Still no time set for Perdue nomination hearing. Senate Agriculture Committee Chairman Pat Roberts tells Agri-Pulse that he’s still waiting on the official paperwork for Perdue’s nomination and then will schedule his confirmation as soon as possible.
Presidential nominees are required to fill out a number of exhaustive forms before the confirmation process can begin, including a public financial disclosure report, a public financial disclosure report and a national security questionnaire.
Help wanted at USDA. The president and CEO of the Corn Refiners Association, John Bode, is appealing to state agriculture officials to consider joining Perdue at USDA. “We need the perspective and experience that you have in leadership positions at USDA,” Bode said yesterday at the winter policy meeting of the National Association of State Departments of Agriculture.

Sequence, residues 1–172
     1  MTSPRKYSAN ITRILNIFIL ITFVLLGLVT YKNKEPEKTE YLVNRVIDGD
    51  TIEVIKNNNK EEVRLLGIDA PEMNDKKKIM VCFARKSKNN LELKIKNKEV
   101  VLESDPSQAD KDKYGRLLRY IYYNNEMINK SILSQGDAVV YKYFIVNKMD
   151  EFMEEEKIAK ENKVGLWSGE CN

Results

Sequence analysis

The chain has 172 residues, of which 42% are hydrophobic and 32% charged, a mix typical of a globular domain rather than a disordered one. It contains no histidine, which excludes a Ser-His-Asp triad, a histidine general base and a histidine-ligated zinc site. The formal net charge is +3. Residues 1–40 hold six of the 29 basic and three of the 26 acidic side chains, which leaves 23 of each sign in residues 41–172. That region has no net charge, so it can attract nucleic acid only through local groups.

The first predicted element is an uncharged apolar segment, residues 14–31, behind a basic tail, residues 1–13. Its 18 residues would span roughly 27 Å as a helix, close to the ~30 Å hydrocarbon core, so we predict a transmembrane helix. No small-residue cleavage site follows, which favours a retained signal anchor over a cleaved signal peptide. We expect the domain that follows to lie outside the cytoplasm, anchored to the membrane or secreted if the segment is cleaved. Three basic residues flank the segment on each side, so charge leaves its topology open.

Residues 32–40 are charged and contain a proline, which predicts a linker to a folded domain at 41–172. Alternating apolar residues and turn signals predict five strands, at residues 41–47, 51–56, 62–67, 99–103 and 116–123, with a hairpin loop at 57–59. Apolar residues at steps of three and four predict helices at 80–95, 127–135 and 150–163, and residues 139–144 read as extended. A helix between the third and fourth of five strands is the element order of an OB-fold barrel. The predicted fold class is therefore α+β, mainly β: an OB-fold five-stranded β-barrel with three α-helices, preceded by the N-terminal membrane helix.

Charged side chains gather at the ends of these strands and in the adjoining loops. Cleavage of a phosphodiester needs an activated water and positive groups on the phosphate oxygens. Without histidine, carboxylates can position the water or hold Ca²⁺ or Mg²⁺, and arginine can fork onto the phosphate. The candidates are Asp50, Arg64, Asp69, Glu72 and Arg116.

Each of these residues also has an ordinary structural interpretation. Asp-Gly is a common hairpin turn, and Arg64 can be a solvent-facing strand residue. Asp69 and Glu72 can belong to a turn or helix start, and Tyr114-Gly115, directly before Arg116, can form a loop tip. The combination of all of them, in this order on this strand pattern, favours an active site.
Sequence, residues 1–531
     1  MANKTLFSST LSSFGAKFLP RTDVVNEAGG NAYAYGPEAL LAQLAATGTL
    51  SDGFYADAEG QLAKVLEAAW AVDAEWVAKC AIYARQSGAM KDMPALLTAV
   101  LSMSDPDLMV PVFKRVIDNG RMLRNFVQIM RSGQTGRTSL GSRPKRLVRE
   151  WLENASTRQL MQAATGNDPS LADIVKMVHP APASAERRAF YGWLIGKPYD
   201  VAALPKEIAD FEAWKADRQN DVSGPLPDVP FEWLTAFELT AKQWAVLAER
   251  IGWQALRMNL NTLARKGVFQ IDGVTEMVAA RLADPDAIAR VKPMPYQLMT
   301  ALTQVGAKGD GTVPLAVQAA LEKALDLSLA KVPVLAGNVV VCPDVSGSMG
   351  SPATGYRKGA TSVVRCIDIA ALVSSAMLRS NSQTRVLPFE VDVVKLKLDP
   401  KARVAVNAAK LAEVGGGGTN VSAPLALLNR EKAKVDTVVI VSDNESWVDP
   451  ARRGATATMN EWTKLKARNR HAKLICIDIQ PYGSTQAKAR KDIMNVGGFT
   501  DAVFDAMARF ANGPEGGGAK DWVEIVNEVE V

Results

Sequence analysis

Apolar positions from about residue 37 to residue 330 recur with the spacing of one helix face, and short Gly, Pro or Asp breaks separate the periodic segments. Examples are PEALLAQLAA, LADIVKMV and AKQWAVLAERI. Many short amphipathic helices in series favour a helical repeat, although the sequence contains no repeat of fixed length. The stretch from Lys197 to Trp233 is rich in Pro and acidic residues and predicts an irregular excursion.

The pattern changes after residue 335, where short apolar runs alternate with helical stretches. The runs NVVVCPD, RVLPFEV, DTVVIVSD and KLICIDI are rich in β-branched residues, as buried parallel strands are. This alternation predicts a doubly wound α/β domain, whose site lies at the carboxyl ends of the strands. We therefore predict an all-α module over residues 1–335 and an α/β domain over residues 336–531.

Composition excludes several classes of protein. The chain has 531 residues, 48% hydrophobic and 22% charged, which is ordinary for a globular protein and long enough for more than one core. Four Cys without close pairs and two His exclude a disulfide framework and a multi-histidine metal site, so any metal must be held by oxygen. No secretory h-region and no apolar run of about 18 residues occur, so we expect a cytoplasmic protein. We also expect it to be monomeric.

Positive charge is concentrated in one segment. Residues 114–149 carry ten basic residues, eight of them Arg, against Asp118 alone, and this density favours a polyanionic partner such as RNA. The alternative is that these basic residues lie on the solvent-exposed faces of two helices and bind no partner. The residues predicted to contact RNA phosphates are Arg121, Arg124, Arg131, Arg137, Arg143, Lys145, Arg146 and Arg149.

Bode also urged the group to provide input to the Senate and House Agriculture committees as they write the new farm bill. “They need to hear from you, and they need to hear the plain truth from you,” Bode said.
Democrats resist Pruitt vote. The chairman of the Senate Environment and Public Works Committee, John Barrasso, refused yesterday to postpone a vote he scheduled for today on Scott Pruitt’s nomination to head the EPA.
The committee’s top Democrat, Delaware’s Tom Carper, says that the Oklahoma attorney general has failed to fully respond to questions and requests for documents. But Barrasso, R-Wyo., said in response that the committee’s review of Pruitt has been “unparalleled in its scrutiny, thoroughness, and respect for minority rights.’
Interior, Energy nominations head to Senate floor. Two other nominations important to agriculture and the energy sector are heading to the Senate floor with at least some Democratic support.
A mix of three Democrats and one independent, Maine’s Angus King, joined Republicans on the Senate Energy and Natural Resources Committee yesterday on separate votes to approve the nominations of Ryan Zinke to be secretary of interior and Rick Perry to be secretary of energy.